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One lie perpetrated by Evangelicals is that we atheists can’t explain what happened to the body of Jesus after he was crucified. We actually don’t know what happened, and don’t claim to know, but can put forward a number of different options all of which enjoy scholarly support. In addition I have formed a new hypothesis over how the resurrection myth started.

Why is this important, does it matter?

I think the brutal attacks from fundamentalists on both extremes go to show why it is. Fundamentalists, whether theists or atheists, have a narrow closed-minded perception of reality, with a dogmatic view that their beliefs are without any error and anyone who disagrees is stupid. And they are the ones that have in my experience used this question as a personal attack on my intelligence, or on the intelligence of others. Often claiming that it’s not worth consideration. Well, there are several academic disciplines of study that disagree. Saying that it’s stupid is no different to saying that studying science or philosophy is a complete waste of time. In fact I now believe that children should be taught in schools about all the major religions – not indoctrinated, but taught about their beliefs, their histories, their creeds, their ceremonies, their requirements, their texts, and their religious leaders. That is how we advance – through education. Religion is a natural phenomena of the world, just like language is, and culture, and social structures. We find language and social structures in animals as well. Mindlessly attacking people’s religions is about as intelligent as mindlessly attacking their culture or language.

I have been looking into piecing together what happened in the first century after Jesus died for the last 5 years. Since before I de-converted from Christianity.  It interests me, it may not interest anyone else, but I’ve already developed new and fresh ideas. I’m not claiming they’re unique, in fact I rather doubt it, but they are my ideas that I came up with independently.

Was Jesus crucified?

It is fair to ask whether Jesus was even crucified at all. Perhaps he fled to India as some believe, or perhaps he was executed through a less public spectacle such as beheading. On this I am happy to take the New Testament accounts. For two reasons, the most important of which is the fact that it formed the basis of early Christian theological thought right from the very start as evidenced in the Pauline epistles, the gospels and other early Christian books and writings. Many scholars have pointed out the difficulty in explaining the origin of such a mythology if it had no historical basis. But look, with that said they struggle to explain the origins of many other mythologies also that are not believed to have a historical basis either. Most historians agree that if Jesus was killed through a less humiliating method then that narrative would have survived, and if he had not died that he would have continued peaching for which there is no evidence.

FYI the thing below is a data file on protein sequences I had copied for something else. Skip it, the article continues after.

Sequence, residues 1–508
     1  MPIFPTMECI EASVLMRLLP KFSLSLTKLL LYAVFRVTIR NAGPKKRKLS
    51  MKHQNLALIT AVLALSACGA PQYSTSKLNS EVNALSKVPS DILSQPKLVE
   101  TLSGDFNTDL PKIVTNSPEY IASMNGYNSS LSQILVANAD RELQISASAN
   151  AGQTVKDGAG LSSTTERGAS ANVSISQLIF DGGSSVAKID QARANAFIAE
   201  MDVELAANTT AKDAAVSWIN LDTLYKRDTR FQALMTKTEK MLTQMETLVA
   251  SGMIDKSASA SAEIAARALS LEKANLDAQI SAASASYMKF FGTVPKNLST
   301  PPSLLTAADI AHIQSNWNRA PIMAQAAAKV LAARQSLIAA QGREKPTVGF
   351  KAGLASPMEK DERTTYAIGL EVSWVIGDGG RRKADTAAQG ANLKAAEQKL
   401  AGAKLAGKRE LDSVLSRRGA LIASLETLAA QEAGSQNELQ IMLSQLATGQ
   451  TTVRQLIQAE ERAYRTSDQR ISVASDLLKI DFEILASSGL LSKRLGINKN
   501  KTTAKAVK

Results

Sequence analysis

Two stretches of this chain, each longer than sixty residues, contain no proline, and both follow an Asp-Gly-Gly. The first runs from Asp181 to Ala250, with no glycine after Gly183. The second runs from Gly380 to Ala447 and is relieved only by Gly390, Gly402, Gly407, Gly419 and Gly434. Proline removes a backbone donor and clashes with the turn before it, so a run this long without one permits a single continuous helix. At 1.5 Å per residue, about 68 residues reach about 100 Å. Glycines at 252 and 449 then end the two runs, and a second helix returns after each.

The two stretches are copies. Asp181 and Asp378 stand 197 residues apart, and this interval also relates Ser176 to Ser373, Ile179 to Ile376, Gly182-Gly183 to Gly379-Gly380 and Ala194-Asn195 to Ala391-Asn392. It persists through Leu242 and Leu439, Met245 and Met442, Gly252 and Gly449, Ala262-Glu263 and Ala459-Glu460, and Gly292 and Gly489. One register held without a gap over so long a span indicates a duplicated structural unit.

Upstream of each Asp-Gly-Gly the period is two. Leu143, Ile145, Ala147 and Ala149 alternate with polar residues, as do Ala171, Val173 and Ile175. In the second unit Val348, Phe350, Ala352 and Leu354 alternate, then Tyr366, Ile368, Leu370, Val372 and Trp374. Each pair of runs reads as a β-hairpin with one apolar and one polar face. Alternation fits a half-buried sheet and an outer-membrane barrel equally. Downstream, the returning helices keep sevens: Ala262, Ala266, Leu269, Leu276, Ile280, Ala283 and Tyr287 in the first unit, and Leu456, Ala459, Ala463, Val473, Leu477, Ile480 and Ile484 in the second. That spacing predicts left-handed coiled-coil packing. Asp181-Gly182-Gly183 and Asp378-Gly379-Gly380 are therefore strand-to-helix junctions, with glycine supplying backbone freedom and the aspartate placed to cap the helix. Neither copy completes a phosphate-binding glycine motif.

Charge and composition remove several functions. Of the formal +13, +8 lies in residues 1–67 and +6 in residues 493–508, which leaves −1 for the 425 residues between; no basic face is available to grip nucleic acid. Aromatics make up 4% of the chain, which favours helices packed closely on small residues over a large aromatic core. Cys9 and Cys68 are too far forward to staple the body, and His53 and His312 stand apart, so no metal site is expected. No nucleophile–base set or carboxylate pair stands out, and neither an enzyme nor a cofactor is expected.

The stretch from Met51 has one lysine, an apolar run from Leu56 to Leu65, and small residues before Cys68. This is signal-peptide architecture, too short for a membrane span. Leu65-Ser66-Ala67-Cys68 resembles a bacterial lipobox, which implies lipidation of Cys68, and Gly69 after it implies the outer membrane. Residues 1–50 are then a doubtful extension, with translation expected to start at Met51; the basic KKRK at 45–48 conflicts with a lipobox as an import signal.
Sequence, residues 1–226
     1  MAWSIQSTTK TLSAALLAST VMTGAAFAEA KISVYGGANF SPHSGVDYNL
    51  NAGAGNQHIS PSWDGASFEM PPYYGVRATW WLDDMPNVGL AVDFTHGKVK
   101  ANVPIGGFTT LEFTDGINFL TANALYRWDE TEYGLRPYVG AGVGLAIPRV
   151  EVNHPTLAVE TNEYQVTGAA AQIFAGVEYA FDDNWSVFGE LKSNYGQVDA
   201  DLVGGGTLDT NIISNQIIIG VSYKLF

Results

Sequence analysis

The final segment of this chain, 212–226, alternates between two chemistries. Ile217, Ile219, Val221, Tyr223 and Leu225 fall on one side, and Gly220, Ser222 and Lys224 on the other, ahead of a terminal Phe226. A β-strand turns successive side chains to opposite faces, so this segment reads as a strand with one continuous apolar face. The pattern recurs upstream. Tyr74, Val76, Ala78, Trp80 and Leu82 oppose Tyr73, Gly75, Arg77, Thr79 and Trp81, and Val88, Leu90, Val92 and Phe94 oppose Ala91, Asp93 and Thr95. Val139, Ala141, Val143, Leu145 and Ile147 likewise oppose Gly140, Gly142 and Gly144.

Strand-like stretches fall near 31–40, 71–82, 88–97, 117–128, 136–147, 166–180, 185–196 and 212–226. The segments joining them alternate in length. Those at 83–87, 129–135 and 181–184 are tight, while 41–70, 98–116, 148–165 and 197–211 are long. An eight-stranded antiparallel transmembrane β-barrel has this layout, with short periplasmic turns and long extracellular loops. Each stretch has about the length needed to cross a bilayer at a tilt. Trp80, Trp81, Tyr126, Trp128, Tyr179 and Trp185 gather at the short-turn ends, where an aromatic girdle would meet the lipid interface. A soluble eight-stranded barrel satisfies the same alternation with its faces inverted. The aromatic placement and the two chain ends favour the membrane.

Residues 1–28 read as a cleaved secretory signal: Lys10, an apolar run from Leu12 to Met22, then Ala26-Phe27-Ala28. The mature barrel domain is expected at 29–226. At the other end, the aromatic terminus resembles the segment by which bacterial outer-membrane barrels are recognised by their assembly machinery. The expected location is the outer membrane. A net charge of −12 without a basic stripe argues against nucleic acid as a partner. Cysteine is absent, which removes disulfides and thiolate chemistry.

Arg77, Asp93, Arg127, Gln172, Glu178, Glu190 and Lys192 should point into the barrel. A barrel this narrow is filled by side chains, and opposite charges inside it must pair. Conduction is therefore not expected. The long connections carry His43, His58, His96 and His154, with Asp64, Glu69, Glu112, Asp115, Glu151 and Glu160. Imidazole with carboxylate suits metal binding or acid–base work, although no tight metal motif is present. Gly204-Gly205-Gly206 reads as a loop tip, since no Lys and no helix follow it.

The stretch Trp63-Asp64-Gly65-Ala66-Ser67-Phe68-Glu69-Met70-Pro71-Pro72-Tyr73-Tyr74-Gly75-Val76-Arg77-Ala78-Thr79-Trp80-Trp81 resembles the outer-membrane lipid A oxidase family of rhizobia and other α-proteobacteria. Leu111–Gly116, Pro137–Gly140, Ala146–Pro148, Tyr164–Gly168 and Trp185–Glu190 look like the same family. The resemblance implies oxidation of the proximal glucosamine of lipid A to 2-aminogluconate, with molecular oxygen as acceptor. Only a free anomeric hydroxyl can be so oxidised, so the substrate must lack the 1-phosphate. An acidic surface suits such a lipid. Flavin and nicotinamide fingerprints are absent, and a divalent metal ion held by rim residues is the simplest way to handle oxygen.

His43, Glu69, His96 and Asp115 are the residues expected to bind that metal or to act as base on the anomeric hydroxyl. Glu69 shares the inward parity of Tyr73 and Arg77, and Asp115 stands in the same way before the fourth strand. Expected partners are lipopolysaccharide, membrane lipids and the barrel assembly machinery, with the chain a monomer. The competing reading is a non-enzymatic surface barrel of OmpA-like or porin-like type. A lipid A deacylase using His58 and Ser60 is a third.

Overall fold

Was Jesus buried?

I honestly don’t know. What I can say for certain is that scholars can trace the belief that he was buried right back to the 30’s AD. It’s important as it serves the basis for early Christian theology. But that the early apostles believed it to have happened of course doesn’t prove it for certain, just as their belief that Jesus had been risen to the heavens isn’t proven but was also an important early theological belief. The difference between the two is that one is a claim to the natural world, and the other the supernatural. Supernatural claims don’t require ordinary terrestrial evidence.

But what is the evidence? The synoptic gospels make it clear that the disciples abandon Jesus before he’s strung up to die – so they weren’t there to witness his anguish, or his death, or his burial. The earliest accounts that are given (particularly Mark, but also Acts and Luke) say that the Jews buried Jesus.

You may have read the claim that Bart Ehrman makes that Jesus would have been left to rot on the cross and not buried. I doubt he’s the only scholar that thinks that way. It’s certainly possible that Jesus was left on the cross and was not buried, and the literature reveals that possibility cannot be ruled out despite what the gospels claim. I suppose one good reason for this is the fact that it was known that some people chose suicide over crucifixion in the ancient world because they knew their bodies would be buried. There are several things however that makes this less likely: 1. If Jesus’ crime was seen by the Romans as being so bad as to refuse burial, why did they not persecute the disciples? The Romans appear to have been satisfied to execute only Jesus, and leave his followers alone. 2. Jewish culture would not have allowed the Jews to tolerate it, without at least protesting and requesting burial from the Roman authorities. 3. The earliest account of the Passion (Mark) is not that flattering to Jesus. For this I will draw on the teachings found in Crucifixion in the Mediterranean World by John Granger Cook…

Crucifixion was a slow, miserable, and utterly shameful way to die. Jesus of Nazareth did not wish to be crucified, and he certainly didn’t enjoy the experience. And in fact the Bible says as much as Jesus is said to let out a cry of dereliction “Eloi Eloi Lema Sabachthani”/ “My God, My God, Why Have You Forsaken Me?” Of course we don’t know that Jesus actually cried this out, in fact I rather doubt it for reasons that will become apparent. However the gospel writer did not attempt to insert any “song of victory” into Jesus’ misery on the cross, unlike modern Christian theology. And after Jesus died he was not even buried by his loved ones or given a decent burial, a fact pointed in the New Oxford Annotated Bible: